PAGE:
(2) The result of a copy process as in (1).For example, a copy of a data file.

core dump.* See: memory dump.


coroutine. A routine that begins execution at the point at which operation was last suspended, and that is not required to return control to the program or subprogram that called it. Contrast with: subroutine.

corrective maintenance. Maintenance per-formed to correct faults in hardware or soft-ware. Contrast with: adaptive maintenance; perfective maintenance.


correctness. (1)The degree to which a sys-tem or component is free from faults in its specification, design, and implementa-tion.

  1. (2) The degree to which software, documen-tation, or other items meet specified re-quirements.

  2. (3) The degree to which software, documen-tation, or other items meet user needs and expectations, whether specified or not.

correctness pmf. See:pmf of correctness.

counter. A variable used to record the number of occurrences of a given event during the execution of a computer program; for example, a variable that records the number of times a loop is executed.

coupling. The manner and degree of interde-pendence between software modules. Types include common-environment coupling, content coupling, control coupling, data coupling, hybrid coupling, and pathological coupling. Contrast with: cohesion.

CPC. Acronym for computer program compo-nent.See: computer software component.

CPCI. Acronym for computer program config-uration item. See: computer software con-figuration item.

crash. The sudden and complete failure of a computer system or component. See also:

hard failure.

critical design review (CDR). (1) A review conducted to verify that the detailed design of one or more configuration items satisfy specified requirements; to establish the compatibility among the configuration items and other items of equipment, facili-ties, software, and personnel; to assess risk areas for each configuration item; and, as applicable, to assess the results of pro-ducibility analyses, review preliminary hardware product specifications, evaluate preliminary test planning, and evaluate the adequacy of preliminary operation and support documents. See also: preliminary design review; system design review.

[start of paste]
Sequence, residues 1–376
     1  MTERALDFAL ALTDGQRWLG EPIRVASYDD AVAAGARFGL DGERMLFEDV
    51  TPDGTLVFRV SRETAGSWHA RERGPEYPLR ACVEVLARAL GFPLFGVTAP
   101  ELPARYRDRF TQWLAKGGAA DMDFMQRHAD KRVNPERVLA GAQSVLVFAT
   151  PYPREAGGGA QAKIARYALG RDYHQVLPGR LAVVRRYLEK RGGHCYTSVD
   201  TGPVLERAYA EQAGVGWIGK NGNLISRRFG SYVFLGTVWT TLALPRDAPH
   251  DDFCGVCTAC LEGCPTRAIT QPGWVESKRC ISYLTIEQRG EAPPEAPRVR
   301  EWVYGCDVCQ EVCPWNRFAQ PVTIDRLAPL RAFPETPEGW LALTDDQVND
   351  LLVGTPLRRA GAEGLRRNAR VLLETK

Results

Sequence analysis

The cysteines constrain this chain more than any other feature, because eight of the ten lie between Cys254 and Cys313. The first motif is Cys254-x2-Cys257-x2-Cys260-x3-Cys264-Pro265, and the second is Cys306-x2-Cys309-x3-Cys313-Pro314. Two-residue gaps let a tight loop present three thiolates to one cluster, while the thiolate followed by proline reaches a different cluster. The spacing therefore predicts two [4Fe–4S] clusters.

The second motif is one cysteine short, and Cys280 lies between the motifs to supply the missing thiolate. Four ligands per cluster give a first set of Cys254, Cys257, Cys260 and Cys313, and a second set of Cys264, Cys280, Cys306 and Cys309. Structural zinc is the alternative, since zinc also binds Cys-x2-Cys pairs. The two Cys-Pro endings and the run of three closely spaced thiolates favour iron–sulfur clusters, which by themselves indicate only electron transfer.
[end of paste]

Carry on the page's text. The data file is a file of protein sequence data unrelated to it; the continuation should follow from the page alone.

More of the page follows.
(2) A review as in (1)of any hardware or software component.

critical item. In configuration management, an item within a configuration item that, because of special engineering or logistic considerations, requires an approved speci-fication to establish technical or inventory control at the component level.

critical piece first. A system development ap-proach in which the most critical aspects of a system are implemented first. The critical piece may be defined in terms of services provided, degree of risk, difficulty, or other criteria. See also: bottom-up; top-down.

critical software. (IEEE Std 1012-1986 [121) Software whose failure could have an impact on safety, or could cause large financial or social loss.

criticality. The degree of impact that a requirement, module, error, fault, failure, or other item has on the development or operation of a system. Syn: severity.

cross-assembler. An assembler that executes on one computer but generates machine code for a different computer.

cross-compiler. A compiler that executes on

One but generates code for a different computer.

cross-reference generator. A software tool that accepts as input the source code of a computer program and produces as output a listing that identifies each of the program's vari-ables, labels, and other identifiers and indi-cates which statements in the program define, set, or use each one. Syn: cross-referencer.

cross-reference list. A list that identifies each of the variables, labels, and other identifiers in a computer program and indicates which statements in the program define, set, or use each one.

cross-referencer.See: cross-reference gener-ator.

CSC. Acronym for computer software compo-nent.

CSCL Acronym for computer software config-uration item.

IEEE Std610.12-1990

cue. See: call (3).

curriculum standard. (IEEE Std 1002-1987 [91) A standard that describes the characteristics of a course of study on a body of knowledge that is offered by an educational institution.

cycle. (1)A period of time during which a set of events is completed. See also: software development cycle; softwarelife cycle.

(2) A set of operations that is repeated regu-larly in the same sequence, possibly with variations in each repetition; for example, a computer's read cycle. See also: pass.

cycle stealing. The process of suspending the operation of a central processing unit for one or more cycles to permit the occurrence of other operations, such as transferring data from main memory in response to an output request from an inputloutput controller.